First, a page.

Spite is a horrible thing and the militarised version of it that fills the daily papers, keeps Channel 5 afloat and decides elections, is one of Britain's most regrettable cultural problems.  Spite is a personal failing and it should be recognised as antisocial behaviour, much like spitting in the street, punching people who annoy you or trying to fuck other people's wives and husbands are.

For this reason, I'm not inclined to indulge anyone offering variants upon Boo-hoo-hoo, I thought the Tories would fuck over everyone else, rather than meNote well that the lady in question wasn't upset that the Tories were fucking people over - she was upset that they were also fucking her over.  I am doing guesswork now, but I'm assuming that she doesn't want the Tories to stop fucking everybody else, because everybody else deserves it.

Perhaps I'm being unfair, and she's now concluded that political spite is a huge con aimed at gulling votes out of suckers by vowing to kill the poor.  I doubt it, somehow.

Anyway, this is a learning experience and an opportunity to grind the lesson in, even if I think there's basically zero chance of anyone actually changing their behaviour and becoming less spiteful as a result.

- I'm also not convinced by Chris Dillow's descriptions of the various cognitive biases that lead people to misunderstand the country that they live in.  I think that individually, all of the biases that he describes are demonstrably real, but there's already a word that collectively describes these errors, and that word is spite.

Treating spite as if it were a blameless error, as an honest mistake that can be overcome with a few friendly chats, is probably the wrong response.  Spite is not an error - it's a conscious choice that's maintained with determination, even in the face of countervailing evidence.  If you don't believe that, then feel free to try convincing your grumpy uncle that e.g. they haven't banned Baa-Baa Black Sheep, and see how you get on. 

I think the correct response to blubbing about how the Tories fucked you is We told you so, you utter tit rather than There, there, you sweet little lamb.

- And, to return to one of my recent themes - I am wholly unconcerned by the possibility that a few folk with Twitter accounts might alienate displeased Tory voters, for the simple reason that almost nobody reads our bloody tweets and nobody gives a damn what our opinion is on anything.

There's a good chunk of earnest left-wing Britain that responds to stories like the blubbing Question Time woman by essentially running around the internet ticking people off and ensuring that nobody has any fun at all, ever.

While I recognise their arguments are probably correct and understand their motivations, I repeat - I'm not an activist and I'm not trying to win anybody over, so I'll feel free to act up like a dick as and when I feel like it, without worrying what the upset Tory voters of Britain who aren't paying attention think about it.  There's an upper limit to the number of times that you can ask people to bite their lips in the face of provocation, after all.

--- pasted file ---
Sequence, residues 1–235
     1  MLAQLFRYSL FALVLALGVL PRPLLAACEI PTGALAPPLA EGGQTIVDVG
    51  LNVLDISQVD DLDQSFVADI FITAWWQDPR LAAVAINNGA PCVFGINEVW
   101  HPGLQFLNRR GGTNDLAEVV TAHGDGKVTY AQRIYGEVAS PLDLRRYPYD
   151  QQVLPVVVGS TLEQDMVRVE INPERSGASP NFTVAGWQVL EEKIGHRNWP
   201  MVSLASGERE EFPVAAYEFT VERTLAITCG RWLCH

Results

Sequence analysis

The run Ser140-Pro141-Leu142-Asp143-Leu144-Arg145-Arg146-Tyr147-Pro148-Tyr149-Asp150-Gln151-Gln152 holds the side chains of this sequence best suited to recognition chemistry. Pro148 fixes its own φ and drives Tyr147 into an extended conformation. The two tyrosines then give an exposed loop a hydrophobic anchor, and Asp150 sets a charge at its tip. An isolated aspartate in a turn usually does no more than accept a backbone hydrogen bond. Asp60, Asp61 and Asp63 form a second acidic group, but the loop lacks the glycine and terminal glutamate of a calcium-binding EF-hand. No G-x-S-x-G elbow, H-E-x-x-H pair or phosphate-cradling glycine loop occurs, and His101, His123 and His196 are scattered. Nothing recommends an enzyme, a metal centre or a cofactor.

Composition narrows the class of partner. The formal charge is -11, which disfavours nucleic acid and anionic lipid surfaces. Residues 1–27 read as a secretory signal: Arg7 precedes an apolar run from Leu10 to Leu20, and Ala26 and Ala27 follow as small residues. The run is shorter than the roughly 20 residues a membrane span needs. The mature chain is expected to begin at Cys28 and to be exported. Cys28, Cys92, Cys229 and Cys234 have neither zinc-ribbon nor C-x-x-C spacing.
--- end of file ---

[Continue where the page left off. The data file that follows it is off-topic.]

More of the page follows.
*One of most glaring unrecognised issues in British politics is how crime has almost entirely dropped off the radar as an electoral issue.  It used to be absolutely central in election debates, but no longer - it's now been almost entirely replaced with rows about immigration and welfare. 

The lesson that I take from this is that the public basically regards being dirt-poor and benefits-dependent as a crime in itself.  You can probably guess whether I think this belief should be indulged or not.

Saturday, October 10, 2015

Don't Do As I Do, Do As I Say

Okay, so the best charge list against Russia's hilarious propaganda campaign for its Syria war goes like this:

- Russia makes up risibly poor and obvious excuses to justify attacking countries;

- In fact, Russia engages in multiple bullshit wars at once and tells major lies about its aims and actions in all of them; 

- It makes fraudulent claims about attacking "terrorists", while actually just attacking the enemies of the governments that it's propping up; 

- It drops dark hints that other states are backing terrorism and insinuates that anyone opposed to its aims is morally suspect;

- That the Russian President has abrogated the right to bomb anything and anyone he pleases without oversight, and that he publicly alludes to bizarre international conspiracies against his nation; 

- That Putin makes nonsensical pronouncements comparing himself to the Allies in World War II, and

- The Russian government has bamboozled the populace into supporting an idiotic war, by propaganda and fearmongering... 

...And that all of this is despicable and utterly unacceptable from a modern, theoretically democratic nation.

Well, shit.  No wonder the Americans are so pissed-off - Bad Vlad is giving away all the tricks of the trade, right out there for the world to see.

Anyway, let's have a few chuckles at some of the more humorous articles bemoaning Russian state propaganda recently.

Oh no!  Russian media is pumping out state propaganda, and most of the populace believes these lies are true!  Why, its TV coverage is all swooshing action infographics and repetition of government press releases!  Russian liberals and left-wingers have been cowed by a barrage of cretinous patriotic rah-rah and accusations of treason!  Domestic opposition to the war barely gets a reasonable hearing!